Classic Book”How to lie about statistics“First published in 1954, it may be the best-selling book of all time on how to understand numbers. But it left a disturbing legacy-leading to distrust of various statistics, even those that help understand today’s Statistics on things like the global pandemic.
This is the argument put forward by economist and BBC reporter Tim Harford. His research shows that Darrell Huff, author of “How to Lie with Statistics,” took steps to use his arguments to actively cover up rather than provide information. “Huff ended up working for tobacco lobbying groups, attacking epidemiologists, statisticians and doctors who used statistical data to provide convincing evidence that smoking is very bad for health,” Harford said. “And I don’t think this is a coincidence, because in fact his modus operandi is interesting and creating doubts, giving people a reason not to take experts too seriously-this is absolutely perfect for the strategy of the tobacco lobby.”
Harford has his own views on how to deal with the big data world in which we all live, and he outlines this in his latest book,”Data Detective: Ten simple rules for understanding statistics. “EdSurge contacted Harford to get his advice on how to better understand the numbers in this week’s EdSurge Podcast.
Harford knows his numbers. He hosted the BBC radio show “More or Less”, where he explained and sometimes debunked figures in politics and daily life, and he was even an honorary member of the Royal Statistical Society.He has a knack for turning research into colorful stories, just like he did on podcasts Warning story.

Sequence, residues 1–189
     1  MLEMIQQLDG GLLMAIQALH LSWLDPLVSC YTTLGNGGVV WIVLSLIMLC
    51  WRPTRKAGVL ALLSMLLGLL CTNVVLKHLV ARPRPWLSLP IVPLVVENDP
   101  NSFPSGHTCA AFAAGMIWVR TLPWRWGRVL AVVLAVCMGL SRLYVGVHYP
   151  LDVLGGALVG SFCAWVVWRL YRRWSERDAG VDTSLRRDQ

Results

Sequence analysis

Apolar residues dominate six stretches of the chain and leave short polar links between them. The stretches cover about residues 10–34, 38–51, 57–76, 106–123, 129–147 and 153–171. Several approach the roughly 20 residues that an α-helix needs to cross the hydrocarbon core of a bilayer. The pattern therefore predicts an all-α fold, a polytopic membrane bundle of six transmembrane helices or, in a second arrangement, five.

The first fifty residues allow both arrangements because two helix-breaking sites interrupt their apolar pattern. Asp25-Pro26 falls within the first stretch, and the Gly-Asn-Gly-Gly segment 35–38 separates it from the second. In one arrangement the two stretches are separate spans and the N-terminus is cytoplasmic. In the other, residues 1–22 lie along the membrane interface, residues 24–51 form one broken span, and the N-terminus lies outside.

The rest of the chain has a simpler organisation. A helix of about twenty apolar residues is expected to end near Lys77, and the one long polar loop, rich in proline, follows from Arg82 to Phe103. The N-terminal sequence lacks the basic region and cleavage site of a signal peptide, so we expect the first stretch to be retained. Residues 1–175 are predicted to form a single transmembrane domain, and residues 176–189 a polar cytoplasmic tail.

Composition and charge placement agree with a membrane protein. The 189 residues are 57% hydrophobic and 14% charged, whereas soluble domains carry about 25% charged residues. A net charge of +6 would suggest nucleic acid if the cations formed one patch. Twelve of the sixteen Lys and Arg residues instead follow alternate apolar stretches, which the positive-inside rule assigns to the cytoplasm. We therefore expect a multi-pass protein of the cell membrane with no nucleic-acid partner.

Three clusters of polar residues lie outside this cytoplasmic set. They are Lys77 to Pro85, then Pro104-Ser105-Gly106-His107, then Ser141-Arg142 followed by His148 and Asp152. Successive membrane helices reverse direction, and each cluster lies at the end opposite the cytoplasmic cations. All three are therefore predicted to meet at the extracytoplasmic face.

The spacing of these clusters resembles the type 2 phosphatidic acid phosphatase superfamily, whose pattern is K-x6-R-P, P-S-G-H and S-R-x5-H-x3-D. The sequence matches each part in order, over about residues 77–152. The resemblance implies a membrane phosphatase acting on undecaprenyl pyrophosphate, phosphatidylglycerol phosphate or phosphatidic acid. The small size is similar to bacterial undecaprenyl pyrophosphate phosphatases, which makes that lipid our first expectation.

He believes that sometimes expert-level people are most easily confused by misleading statistics. He has some strategies for processing data that can help avoid being intimidated or fooled by them.
He said that one key is curiosity.
“It has never been easier to deceive yourself,” he said. “Placing yourself in a bubble, in the echo chamber has never been easier. But at the same time, getting really high-quality help has never been easier-asking smart questions and getting insights.”
This means that the key lies in how motivated people are to ask sharp questions about the statistics and data they encounter. “How curious are we? How much do we want to know the truth, or do we just want to feel right and feel that we are a member of a tribe? I think this is a question that will prove to be decisive.”
Harford said the idea of trying to deceive people with statistics is an old idea, older than Huff’s bestseller.
“The strategy of’making doubts’ has a long history. We have seen it over and over again. It is very powerful because it uses some basic scientific principles. It just raises them to a notch and turns them into a weapon. “